By Bill Angelos
True Dialogue, in the “Bohmian” sense of the term, like true scientific inquiry, is essentially a perceptual enterprise, with the act of listening as its functional centerpiece. Although cognitive elements are also very much a part of it because of the structure—process we call “ego,” which is a necessary adjunct to its successful operation, the resulting “cognitively-oriented self” cannot dominate it.
This is the missing piece in most people’s understanding of the endeavor, and the hidden trap in its successful implementation. It is also a basic requirement for what Bohm called “Proprioception of Thought” and J. Krishnamurti called “Meditation.” It is in essence what Psychologists James J. and Eleanor Gibson identified as a form of “Discriminational Empiricism” as opposed to “Associational Empiricism.” Meaning is derived through “Direct Perception”—both inwardly and outwardly; as opposed to being filtered through the self-image and perceived as “sensation” by the “Me.”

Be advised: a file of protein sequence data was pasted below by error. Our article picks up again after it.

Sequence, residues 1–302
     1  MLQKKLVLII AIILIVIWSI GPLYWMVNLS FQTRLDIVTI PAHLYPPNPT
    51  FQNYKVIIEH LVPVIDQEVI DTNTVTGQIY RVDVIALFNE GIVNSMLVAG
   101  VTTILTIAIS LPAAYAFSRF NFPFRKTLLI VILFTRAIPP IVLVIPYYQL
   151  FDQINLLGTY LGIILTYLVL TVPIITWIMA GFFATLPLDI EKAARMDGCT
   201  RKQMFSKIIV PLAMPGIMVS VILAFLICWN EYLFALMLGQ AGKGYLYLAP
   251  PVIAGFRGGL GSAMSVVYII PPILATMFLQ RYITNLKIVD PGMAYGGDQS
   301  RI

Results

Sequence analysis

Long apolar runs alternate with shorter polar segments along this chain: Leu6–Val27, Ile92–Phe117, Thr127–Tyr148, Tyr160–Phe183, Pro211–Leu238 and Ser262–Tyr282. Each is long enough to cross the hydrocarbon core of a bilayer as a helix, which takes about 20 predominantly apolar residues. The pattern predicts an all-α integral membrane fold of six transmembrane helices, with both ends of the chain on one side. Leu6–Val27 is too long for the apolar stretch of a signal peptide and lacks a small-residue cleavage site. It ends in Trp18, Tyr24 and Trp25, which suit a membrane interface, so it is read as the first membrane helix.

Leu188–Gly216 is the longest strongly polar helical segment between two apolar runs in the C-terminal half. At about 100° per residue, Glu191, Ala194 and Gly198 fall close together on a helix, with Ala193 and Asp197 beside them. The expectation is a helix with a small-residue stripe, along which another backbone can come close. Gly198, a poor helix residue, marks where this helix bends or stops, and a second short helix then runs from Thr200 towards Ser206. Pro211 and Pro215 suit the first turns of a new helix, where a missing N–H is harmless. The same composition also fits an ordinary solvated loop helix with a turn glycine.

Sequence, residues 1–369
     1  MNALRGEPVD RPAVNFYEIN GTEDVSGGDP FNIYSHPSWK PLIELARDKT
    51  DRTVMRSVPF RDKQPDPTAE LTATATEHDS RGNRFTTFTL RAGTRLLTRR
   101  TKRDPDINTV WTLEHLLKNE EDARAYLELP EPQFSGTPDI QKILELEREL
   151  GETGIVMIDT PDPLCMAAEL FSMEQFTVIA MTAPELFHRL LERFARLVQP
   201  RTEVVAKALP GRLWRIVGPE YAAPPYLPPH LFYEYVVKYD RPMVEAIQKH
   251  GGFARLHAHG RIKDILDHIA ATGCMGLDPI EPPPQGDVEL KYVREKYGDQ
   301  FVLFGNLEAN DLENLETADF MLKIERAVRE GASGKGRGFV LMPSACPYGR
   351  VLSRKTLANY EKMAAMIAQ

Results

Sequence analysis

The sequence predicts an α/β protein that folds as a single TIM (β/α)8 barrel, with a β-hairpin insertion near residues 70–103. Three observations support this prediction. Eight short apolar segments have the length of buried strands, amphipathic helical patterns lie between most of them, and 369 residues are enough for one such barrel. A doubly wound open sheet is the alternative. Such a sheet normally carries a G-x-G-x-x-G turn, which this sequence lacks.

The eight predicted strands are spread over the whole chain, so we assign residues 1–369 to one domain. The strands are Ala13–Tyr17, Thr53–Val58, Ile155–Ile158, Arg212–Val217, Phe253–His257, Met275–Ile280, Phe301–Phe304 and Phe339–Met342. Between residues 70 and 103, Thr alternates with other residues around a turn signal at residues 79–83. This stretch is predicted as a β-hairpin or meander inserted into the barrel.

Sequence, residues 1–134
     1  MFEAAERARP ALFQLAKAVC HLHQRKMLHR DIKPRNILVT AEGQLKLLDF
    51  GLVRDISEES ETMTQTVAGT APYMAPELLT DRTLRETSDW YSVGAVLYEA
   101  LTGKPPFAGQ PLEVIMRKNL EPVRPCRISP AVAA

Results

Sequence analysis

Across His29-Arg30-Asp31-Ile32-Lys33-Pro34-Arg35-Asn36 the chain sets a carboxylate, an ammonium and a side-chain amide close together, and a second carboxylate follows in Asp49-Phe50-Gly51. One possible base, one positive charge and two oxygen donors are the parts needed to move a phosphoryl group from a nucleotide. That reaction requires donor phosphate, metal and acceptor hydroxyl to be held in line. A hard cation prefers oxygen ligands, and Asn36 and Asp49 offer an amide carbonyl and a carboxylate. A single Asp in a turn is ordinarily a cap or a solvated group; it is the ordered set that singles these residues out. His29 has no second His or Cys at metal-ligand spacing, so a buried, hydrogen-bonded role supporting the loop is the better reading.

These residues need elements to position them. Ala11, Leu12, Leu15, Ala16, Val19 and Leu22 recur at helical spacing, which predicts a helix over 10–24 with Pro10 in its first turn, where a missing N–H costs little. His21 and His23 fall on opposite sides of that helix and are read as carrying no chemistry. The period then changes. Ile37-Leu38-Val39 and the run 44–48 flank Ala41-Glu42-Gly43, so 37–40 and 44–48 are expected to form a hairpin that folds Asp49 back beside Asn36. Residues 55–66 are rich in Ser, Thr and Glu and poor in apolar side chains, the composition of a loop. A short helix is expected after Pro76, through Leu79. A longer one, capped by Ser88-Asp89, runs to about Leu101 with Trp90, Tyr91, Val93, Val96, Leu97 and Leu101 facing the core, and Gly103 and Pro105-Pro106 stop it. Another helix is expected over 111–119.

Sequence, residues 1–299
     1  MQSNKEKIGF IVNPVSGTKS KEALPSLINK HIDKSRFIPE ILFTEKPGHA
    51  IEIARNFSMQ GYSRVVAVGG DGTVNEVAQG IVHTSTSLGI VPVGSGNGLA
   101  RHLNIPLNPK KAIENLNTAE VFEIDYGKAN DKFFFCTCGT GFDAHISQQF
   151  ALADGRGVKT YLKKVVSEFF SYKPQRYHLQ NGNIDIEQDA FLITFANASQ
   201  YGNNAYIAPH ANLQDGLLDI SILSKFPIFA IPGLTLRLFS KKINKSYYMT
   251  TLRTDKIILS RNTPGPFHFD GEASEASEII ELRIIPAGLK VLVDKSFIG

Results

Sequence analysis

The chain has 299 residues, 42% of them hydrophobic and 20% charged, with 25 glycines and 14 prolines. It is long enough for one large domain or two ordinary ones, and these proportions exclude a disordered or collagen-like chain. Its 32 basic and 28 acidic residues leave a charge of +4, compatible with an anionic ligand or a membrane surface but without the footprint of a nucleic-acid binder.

Excerpt from “Memoirs of a Mediated Mind” Copyright Bill Angelos 2008